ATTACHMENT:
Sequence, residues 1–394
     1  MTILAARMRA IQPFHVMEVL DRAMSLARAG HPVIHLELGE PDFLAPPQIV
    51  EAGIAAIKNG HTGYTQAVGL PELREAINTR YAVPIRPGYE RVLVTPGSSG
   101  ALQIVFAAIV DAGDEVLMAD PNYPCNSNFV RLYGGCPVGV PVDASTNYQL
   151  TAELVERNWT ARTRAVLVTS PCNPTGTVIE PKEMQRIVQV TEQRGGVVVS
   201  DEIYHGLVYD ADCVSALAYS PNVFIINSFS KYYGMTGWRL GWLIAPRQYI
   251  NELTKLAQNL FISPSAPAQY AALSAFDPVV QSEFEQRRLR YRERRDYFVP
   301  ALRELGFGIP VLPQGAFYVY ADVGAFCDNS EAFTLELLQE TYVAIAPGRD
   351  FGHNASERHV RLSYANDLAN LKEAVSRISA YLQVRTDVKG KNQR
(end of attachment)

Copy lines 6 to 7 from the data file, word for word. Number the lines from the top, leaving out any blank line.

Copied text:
   201  DEIYHGLVYD ADCVSALAYS PNVFIINSFS KYYGMTGWRL GWLIAPRQYI
   251  NELTKLAQNL FISPSAPAQY AALSAFDPVV QSEFEQRRLR YRERRDYFVP